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Can Diabetes Cause Kidney Disease?

Can Diabetes Cause Kidney Disease

Anthony, a 58-year-old man, who generally leads a sedentary lifestyle spending most of his day in front of a computer, recently experienced facial and bilateral lower limb swelling. Concerned about his symptoms, he sought medical attention at the nephrology department of a hospital. Upon thorough examination and inquiry into his medical history, the doctor learned that Anthony has been living with diabetes for over 20 years. He has been taking antidiabetic medications but has not been actively monitoring his blood sugar levels or adhering to a controlled diet, leading to poor blood sugar control. Additionally, his blood pressure has gradually increased over the past two years.

The results of a urine test revealed a significant proteinuria of up to 2.0 grams in a 24-hour collection (normal is less than 0.15 grams). An examination of his retinas identified signs of diabetic retinopathy, and there were indications of declining kidney function. The doctor diagnosed Anthony with diabetic nephropathy, a condition where diabetes causes damage to the kidneys.

Why Does Diabetes Cause Kidney Damage?

Diabetes is a chronic metabolic disorder characterized by elevated blood sugar levels. It is well-known that managing blood sugar is crucial, as persistent high levels of glucose can cause chronic damage to organs throughout the body, creating a “sweet burden.” Among the complications associated with diabetes, kidney damage is particularly representative.

Diabetic nephropathy refers to kidney damage caused by diabetes itself. The main clinical sign is the presence of persistent proteinuria, specifically continuous albuminuria exceeding 200 micrograms per minute or 300 milligrams per 24 hours. Typically, diabetic retinopathy is also present. The damage to the kidneys in diabetes is primarily due to the impact of high blood sugar on the glomeruli (tiny blood vessels) and renal blood vessels.

The human kidneys have approximately one million glomeruli, and long-term high blood sugar can gradually lead to sclerosis of these glomeruli. High blood sugar also damages the renal arteries, and prolonged exposure can result in the hardening and even narrowing of these arteries, leading to a decline in kidney function.

Diabetic nephropathy is a chronic process. Early clinical symptoms are often subtle and may include microalbuminuria (urinary albumin excretion rate between 20 and 200 micrograms per minute or 30 and 300 milligrams per hour). In the clinical nephropathy stage, urinary albumin excretion rate exceeds 200 micrograms per minute or 300 milligrams per 24 hours, or the total urinary protein exceeds 0.5 grams per 24 hours. Approximately 10% of individuals with diabetic nephropathy clinically manifest as nephrotic syndrome, with a urinary protein excretion rate exceeding 3.5 grams per 24 hours, reduced serum albumin, and potential edema.

kidney disease

In patients with diabetes, approximately 20% to 40% may develop diabetic nephropathy. The incidence of kidney disease in individuals with type 1 diabetes is related to the duration of diabetes, with a rate of 40% to 50% after 20 to 25 years of the disease. For those with type 2 diabetes, the incidence of diabetic nephropathy is around 20% to 50%. If it progresses to the later stages of renal failure, symptoms of uremia gradually appear. Diabetic nephropathy is a significant cause of disability and mortality in individuals with diabetes. In developed countries in Europe and America, the proportion of diabetic patients among dialysis patients has long surpassed that of nephritis.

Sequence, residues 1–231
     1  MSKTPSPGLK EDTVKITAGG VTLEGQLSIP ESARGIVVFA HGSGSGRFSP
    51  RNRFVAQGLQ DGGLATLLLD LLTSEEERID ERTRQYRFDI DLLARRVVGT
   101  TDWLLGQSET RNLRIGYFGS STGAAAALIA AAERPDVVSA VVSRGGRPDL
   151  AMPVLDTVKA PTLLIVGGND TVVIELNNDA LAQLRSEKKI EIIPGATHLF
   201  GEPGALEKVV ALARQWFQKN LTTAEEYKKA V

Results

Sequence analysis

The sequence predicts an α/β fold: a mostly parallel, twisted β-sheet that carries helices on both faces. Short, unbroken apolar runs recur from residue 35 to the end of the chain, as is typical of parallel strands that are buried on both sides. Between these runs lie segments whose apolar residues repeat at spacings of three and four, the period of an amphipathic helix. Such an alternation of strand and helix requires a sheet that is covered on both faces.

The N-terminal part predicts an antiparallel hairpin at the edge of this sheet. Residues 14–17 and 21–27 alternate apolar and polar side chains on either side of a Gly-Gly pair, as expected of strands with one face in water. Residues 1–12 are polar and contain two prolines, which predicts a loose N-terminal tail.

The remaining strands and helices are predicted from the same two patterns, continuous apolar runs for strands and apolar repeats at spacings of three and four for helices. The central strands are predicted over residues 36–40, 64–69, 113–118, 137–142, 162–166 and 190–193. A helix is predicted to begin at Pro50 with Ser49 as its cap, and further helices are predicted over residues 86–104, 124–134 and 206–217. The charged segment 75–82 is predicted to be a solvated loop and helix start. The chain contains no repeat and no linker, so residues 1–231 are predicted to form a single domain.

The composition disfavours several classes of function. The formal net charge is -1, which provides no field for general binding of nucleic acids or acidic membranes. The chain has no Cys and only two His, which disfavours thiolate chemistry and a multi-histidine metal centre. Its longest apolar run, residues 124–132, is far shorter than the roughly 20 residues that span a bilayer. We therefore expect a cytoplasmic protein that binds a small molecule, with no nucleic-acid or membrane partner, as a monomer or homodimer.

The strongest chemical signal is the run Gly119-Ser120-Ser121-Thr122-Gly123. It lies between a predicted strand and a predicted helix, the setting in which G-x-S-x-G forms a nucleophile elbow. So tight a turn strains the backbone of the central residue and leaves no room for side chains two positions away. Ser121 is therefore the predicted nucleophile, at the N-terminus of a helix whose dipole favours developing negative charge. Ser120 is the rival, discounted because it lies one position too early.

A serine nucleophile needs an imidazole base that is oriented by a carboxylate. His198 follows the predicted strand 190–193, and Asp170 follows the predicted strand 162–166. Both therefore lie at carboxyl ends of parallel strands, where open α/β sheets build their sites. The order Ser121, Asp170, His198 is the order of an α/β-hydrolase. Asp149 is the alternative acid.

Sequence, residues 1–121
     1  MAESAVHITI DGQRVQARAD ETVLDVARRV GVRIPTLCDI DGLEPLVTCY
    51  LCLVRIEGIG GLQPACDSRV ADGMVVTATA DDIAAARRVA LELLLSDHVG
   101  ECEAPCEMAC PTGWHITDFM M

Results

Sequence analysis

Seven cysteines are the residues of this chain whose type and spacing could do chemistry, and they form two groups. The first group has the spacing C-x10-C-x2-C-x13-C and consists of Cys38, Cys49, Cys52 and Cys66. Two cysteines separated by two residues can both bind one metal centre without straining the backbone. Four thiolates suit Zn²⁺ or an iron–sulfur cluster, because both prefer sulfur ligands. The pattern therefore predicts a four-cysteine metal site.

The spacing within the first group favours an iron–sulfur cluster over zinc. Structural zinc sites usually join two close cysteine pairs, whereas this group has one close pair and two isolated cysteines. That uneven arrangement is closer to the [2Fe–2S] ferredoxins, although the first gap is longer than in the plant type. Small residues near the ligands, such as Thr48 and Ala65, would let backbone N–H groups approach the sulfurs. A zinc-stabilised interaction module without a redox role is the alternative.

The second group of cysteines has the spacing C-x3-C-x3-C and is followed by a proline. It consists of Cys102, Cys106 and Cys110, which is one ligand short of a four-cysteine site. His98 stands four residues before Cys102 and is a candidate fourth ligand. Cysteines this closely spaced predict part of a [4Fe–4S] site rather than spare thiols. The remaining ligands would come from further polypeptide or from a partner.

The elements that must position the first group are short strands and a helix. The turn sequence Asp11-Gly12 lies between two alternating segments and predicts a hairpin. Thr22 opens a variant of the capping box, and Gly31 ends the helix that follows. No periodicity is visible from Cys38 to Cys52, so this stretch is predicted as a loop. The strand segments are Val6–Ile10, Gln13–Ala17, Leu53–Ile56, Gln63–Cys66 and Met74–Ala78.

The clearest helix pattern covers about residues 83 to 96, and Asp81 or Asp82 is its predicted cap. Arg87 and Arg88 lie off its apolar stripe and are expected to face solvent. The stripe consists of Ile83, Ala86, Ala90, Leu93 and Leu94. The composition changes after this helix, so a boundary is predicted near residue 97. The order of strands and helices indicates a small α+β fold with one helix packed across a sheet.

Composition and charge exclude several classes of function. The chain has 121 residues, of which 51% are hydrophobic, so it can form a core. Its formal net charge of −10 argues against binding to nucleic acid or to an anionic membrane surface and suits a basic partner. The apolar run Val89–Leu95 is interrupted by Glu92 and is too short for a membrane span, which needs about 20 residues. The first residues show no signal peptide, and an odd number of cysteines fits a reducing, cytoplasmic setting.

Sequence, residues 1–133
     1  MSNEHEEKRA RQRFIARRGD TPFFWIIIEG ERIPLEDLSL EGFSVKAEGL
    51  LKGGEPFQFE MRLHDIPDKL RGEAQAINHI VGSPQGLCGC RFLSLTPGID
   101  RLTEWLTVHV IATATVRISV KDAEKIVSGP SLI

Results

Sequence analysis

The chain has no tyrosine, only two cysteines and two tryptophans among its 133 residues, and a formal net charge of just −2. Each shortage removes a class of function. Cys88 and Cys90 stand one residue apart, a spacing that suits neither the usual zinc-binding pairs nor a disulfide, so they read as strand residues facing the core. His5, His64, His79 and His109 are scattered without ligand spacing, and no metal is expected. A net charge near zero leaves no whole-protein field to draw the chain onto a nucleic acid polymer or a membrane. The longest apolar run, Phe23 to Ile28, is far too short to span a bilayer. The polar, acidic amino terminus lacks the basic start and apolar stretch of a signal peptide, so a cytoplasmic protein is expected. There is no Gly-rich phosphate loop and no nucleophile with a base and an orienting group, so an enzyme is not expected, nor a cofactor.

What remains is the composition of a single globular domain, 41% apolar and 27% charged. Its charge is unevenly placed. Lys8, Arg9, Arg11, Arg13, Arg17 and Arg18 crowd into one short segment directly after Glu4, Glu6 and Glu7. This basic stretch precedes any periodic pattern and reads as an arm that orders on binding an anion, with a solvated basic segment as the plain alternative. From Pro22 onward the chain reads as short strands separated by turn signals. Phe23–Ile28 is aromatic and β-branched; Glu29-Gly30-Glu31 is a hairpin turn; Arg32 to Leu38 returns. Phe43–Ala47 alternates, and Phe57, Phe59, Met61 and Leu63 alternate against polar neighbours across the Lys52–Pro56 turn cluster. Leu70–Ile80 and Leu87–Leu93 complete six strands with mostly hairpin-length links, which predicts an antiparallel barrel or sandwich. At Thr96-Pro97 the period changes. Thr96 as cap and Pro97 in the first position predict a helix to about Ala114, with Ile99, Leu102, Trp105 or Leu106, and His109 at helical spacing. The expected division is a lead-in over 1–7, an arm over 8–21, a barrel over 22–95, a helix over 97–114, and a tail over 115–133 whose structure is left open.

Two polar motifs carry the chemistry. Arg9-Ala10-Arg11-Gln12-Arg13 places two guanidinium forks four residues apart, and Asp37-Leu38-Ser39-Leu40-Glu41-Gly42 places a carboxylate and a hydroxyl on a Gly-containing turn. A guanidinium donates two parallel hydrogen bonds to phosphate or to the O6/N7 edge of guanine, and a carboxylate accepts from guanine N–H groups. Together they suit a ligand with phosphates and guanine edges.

The high prevalence and significant impact of chronic complications in diabetes necessitate a strong emphasis on prevention and treatment, particularly focusing on early prevention and comprehensive management. Early prevention is crucial. Diabetic patients should undergo regular urine tests, including checking urinary protein excretion rates.

Especially for those with a diabetes history of more than 5 years, monitoring should occur at least twice a year. Controlling blood sugar effectively is a fundamental measure in preventing and delaying various chronic complications of diabetes. Blood glucose levels must be well-controlled, with fasting blood sugar levels below 140 mg/dL (7.8 mmol/L), postprandial 2-hour blood sugar levels below 180 mg/dL (10.08 mmol/L), and glycated hemoglobin levels below 7.0%. For some patients, achieving even lower levels, such as fasting blood sugar below 110 mg/dL (6.1 mmol/L), postprandial 2-hour blood sugar below 140 mg/dL (7.8 mmol/L), and glycated hemoglobin below 6.5%, is more desirable.

Diabetic Kidney Disease Symptoms

In the early stages of diabetic nephropathy, it’s unlikely to notice any signs or symptoms. Late-stage signs and symptoms may include:

Deterioration of blood pressure control

Presence of protein in the urine

Swelling in the feet, ankles, hands, or eyes

Increased frequency of urination

Reduced need for insulin or diabetes medications

Confusion or difficulty concentrating

Shortness of breath

Loss of appetite

Nausea and vomiting

Persistent itching


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Can Diabetic Kidney Disease Be Cured?